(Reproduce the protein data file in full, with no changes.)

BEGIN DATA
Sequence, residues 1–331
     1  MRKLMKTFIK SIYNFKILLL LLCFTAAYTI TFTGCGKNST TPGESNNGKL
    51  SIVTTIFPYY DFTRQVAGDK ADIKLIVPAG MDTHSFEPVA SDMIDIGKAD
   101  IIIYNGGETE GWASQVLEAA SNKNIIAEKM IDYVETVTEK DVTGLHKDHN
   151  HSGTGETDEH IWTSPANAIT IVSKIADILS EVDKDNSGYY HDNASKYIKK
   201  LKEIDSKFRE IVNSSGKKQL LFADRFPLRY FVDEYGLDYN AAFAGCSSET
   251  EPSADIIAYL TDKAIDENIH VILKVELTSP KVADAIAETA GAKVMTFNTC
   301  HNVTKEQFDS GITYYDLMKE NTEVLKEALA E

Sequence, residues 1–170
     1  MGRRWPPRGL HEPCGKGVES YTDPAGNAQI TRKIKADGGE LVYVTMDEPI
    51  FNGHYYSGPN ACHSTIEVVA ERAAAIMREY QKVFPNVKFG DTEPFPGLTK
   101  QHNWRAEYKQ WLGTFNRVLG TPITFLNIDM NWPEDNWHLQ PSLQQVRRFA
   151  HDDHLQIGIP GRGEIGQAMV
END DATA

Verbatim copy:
Sequence, residues 1–331
     1  MRKLMKTFIK SIYNFKILLL LLCFTAAYTI TFTGCGKNST TPGESNNGKL
    51  SIVTTIFPYY DFTRQVAGDK ADIKLIVPAG MDTHSFEPVA SDMIDIGKAD
   101  IIIYNGGETE GWASQVLEAA SNKNIIAEKM IDYVETVTEK DVTGLHKDHN
   151  HSGTGETDEH IWTSPANAIT IVSKIADILS EVDKDNSGYY HDNASKYIKK
   201  LKEIDSKFRE IVNSSGKKQL LFADRFPLRY FVDEYGLDYN AAFAGCSSET
   251  EPSADIIAYL TDKAIDENIH VILKVELTSP KVADAIAETA GAKVMTFNTC
   301  HNVTKEQFDS GITYYDLMKE NTEVLKEALA E

Sequence, residues 1–170
     1  MGRRWPPRGL HEPCGKGVES YTDPAGNAQI TRKIKADGGE LVYVTMDEPI
    51  FNGHYYSGPN ACHSTIEVVA ERAAAIMREY QKVFPNVKFG DTEPFPGLTK
   101  QHNWRAEYKQ WLGTFNRVLG TPITFLNIDM NWPEDNWHLQ PSLQQVRRFA
   151  HDDHLQIGIP GRGEIGQAMV